Raman spectroscopy is an effective method for the material characterization. This yolk–shell structure was characterized by Raman spectroscopy using a laser wavelength of 532 nm. Fig. 4(d) shows the Raman spectrum of MoO3@MoSe2. The peak at a lower wavelength (241.6 cm−1) was characteristic of the A1g mode of MoSe2 (out-of-plane vibration), while the peak at a higher wavelength (284.3 cm−1) was characteristic of the E12g mode of MoSe2 (in-plane vibration). Compared with the Raman characteristic peaks of monolayer MoSe2,26 which has the out-of-plane vibrational mode (A1g) located at 241 cm−1 and in-plane vibrational mode (E12g) located at 287 cm−1, the Raman characteristic peaks of MoSe2 contained in the yolk–shell structure have shifted. Some reports have checked the thickness-dependent shift of A1g and E12g from monolayer to bilayer, during which the high-frequency mode shifts from 241 to 241.5 cm−1, whereas the low-frequency mode shifts from 287.3 to 285.3 cm−1. The A1g was found to be blue-shifted, while the E12g was red-shifted with increasing MoSe2 thickness, with the shifts in the high-frequency vibrational modes not being as sensitive as those in the low-frequency modes. As expected, the blue-shift of A1g and red-shift of E12g indicated that MoSe2 in the yolk–shell structure was not monolayer, but a multilayer. This result was consistent with that obtained from HRTEM analysis. Except the characteristic peaks of MoSe2, all other characteristic peaks present in the Raman spectrum of the yolk–shell structure were attributed to MoO3. According to a previous report,27,28 the Raman spectrum of MoO3 can be discussed in terms of internal and external modes. The intensity of the Raman peaks varies based on crystal orientation and laser source polarization. The vibration modes in MoO3 appear at around 1000–600 cm−1, 600–400 cm−1, and below 200 cm−1, which correspond to stretching, deformation, and lattice modes, respectively.29 Under ambient conditions, the positions of all Raman peaks are in good agreement with those described in the literature.28 The peak at 816.4 cm−1 represents symmetric Mo–O3–Mo stretching (Ag) with the bonding aligning along the axis direction. Two bands at 667.0 and 470.5 cm−1 resulted from antisymmetric νMo–O2–Mo stretching (B2g) and bending (Ag), respectively. The peaks at 365.3 cm−1 are the Ag modes corresponding to the δO2[double bond, length as m-dash]Mo[double bond, length as m-dash]O2 scissor. The band at 337.6 cm−1 was characteristic of δO3–Mo–O3 deformation (B1g). The peaks at 245.7 and 176.4 cm−1 corresponded to B3g and B2g modes, respectively, due to the δO2–Mo–O2 scissor. Finally, the peak at 146.3 cm−1 was attributed to the δ(O2Mo2)n mode.30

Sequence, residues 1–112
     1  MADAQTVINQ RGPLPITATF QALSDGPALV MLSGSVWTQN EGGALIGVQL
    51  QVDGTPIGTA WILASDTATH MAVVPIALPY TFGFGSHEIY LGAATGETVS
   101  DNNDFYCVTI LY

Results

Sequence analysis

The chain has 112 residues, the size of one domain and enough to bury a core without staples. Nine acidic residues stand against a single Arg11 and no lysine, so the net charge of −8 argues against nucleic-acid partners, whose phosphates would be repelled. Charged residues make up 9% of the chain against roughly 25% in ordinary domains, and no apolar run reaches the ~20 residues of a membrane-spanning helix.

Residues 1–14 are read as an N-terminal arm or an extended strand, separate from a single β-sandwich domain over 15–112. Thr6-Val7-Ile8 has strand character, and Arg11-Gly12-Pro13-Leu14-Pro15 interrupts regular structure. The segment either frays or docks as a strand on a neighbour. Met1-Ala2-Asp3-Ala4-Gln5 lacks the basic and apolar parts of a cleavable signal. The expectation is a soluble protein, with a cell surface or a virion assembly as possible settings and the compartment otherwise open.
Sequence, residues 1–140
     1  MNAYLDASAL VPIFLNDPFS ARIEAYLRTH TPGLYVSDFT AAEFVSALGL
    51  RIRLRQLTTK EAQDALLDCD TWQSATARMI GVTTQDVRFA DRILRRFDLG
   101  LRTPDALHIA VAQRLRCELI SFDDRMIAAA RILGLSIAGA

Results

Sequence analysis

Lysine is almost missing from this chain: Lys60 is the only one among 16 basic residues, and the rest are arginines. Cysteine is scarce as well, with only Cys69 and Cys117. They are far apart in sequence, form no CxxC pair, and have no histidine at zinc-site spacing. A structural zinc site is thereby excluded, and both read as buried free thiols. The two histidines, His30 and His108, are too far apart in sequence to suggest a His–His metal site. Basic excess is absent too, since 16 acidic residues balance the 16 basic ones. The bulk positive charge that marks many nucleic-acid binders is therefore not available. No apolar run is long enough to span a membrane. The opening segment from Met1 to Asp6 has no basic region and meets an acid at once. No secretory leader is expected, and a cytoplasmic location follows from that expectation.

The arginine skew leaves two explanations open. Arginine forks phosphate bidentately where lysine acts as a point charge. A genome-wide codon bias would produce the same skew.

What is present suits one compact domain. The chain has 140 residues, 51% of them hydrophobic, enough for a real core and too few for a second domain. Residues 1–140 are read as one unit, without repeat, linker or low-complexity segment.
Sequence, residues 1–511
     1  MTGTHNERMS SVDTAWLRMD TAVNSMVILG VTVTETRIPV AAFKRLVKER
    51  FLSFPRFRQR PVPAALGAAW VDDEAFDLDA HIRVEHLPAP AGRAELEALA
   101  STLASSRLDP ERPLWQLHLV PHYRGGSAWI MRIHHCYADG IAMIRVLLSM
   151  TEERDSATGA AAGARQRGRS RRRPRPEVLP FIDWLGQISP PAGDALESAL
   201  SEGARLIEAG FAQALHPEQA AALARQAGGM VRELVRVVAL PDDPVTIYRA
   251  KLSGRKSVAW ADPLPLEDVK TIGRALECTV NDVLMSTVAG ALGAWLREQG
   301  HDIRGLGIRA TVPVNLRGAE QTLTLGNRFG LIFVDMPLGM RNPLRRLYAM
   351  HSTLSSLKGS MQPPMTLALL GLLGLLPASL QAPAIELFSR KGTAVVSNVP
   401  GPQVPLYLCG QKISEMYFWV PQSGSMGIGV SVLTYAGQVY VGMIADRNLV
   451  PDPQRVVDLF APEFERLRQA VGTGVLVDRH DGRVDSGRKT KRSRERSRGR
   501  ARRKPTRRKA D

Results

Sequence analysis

3.3 Electrochemical investigation